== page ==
The purpose of this paper is to explore educators’ experiences of putting a participatory and patient-centered education model, “The Health Education Juggler,” into practice after having attended a one-day seminar. The model consists of four educator roles in participatory group-based patient education in chronic illness: embracer (takes care of the group), facilitator (generates dialogue and participation), translator (communicates professional knowledge) and initiator (motivates action in patients).

Design/methodology/approach

Qualitative analysis of observations of eight group-based patient education sessions and seven in-depth semi-structured interviews with 11 educators.

Findings

Educators find it difficult to include disease-specific knowledge when working with a flexible patient-centered approach. They tend to stay in the role they find most comfortable during education sessions (most often that of embracer), rather than adopting new and more challenging roles in the teaching process. Educators theoretically understand the role of facilitator, but they do not know how to perform in this role in practice. The ability to juggle all educator roles depends on the ability to master each.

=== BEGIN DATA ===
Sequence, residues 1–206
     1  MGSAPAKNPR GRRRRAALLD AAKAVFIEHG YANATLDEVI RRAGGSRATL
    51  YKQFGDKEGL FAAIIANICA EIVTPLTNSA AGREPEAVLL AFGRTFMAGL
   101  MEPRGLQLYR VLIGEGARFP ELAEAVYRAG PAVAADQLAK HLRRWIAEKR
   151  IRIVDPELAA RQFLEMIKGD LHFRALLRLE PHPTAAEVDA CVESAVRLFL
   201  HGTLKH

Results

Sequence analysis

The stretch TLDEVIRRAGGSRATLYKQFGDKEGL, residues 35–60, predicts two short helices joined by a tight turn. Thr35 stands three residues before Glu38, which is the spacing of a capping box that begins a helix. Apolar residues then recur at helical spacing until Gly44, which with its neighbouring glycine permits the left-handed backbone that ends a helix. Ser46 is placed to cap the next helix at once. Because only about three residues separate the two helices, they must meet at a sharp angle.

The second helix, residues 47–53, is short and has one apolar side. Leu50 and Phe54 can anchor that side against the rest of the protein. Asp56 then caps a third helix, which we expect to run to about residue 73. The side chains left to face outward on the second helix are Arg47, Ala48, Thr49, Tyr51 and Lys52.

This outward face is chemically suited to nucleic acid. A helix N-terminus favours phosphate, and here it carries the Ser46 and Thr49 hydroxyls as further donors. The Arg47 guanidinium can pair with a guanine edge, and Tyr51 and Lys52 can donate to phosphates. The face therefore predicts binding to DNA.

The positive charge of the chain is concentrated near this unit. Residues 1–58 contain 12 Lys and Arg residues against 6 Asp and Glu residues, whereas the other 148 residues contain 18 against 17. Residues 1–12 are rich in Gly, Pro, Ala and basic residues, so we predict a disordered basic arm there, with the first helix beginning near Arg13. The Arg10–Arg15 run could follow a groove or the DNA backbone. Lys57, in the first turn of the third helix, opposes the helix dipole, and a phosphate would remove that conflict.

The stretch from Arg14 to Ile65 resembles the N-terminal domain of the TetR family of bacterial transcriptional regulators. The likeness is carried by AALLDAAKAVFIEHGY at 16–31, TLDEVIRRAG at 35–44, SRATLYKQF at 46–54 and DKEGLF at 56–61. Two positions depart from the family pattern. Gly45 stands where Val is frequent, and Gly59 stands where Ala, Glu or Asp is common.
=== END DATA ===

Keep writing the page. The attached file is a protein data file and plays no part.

Practical implications

The Health Education Juggler model shows promise in promoting participation and patient-centeredness and as a reflection tool for educators and an analytic tool for quality assessment of patient education. These findings support further development of model use.

Originality/value

This model of educator roles in group-based patient education in chronic illness provides a new approach to patient education. It indicates the need for various professional competencies among educators to provide patient-centered education in a flexible way, with a strong focus on patient-identified problems and challenges, social learning processes and generation of internal motivation in patients.

Details

Health Education, vol. 114 no. 2
Type: Research Article
ISSN: 0965-4283

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Article
Publication date: 29 July 2014

Gitte Engelund, Ulla Møller Hansen and Ingrid Willaing